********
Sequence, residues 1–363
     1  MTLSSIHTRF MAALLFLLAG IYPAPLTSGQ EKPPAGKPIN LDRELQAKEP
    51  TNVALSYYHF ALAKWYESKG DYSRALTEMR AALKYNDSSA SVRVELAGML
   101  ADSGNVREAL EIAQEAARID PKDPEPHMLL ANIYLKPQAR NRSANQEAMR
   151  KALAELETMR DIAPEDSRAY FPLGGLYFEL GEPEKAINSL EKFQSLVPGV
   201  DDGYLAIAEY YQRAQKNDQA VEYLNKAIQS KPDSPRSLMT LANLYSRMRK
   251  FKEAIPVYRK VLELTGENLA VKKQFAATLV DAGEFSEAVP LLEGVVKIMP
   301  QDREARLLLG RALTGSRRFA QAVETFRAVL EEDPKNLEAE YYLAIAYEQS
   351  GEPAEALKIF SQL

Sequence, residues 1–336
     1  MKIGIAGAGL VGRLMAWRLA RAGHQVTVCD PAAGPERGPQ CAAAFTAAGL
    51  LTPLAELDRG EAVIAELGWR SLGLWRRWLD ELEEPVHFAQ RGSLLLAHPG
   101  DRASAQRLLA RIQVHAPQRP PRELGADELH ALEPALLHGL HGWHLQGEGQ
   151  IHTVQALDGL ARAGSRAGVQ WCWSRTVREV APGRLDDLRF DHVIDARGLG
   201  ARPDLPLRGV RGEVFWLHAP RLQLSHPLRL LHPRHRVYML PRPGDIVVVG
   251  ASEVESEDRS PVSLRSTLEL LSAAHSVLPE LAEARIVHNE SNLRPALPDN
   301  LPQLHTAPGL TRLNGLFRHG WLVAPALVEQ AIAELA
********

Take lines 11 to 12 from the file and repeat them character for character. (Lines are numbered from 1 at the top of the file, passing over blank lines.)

     1  MKIGIAGAGL VGRLMAWRLA RAGHQVTVCD PAAGPERGPQ CAAAFTAAGL
    51  LTPLAELDRG EAVIAELGWR SLGLWRRWLD ELEEPVHFAQ RGSLLLAHPG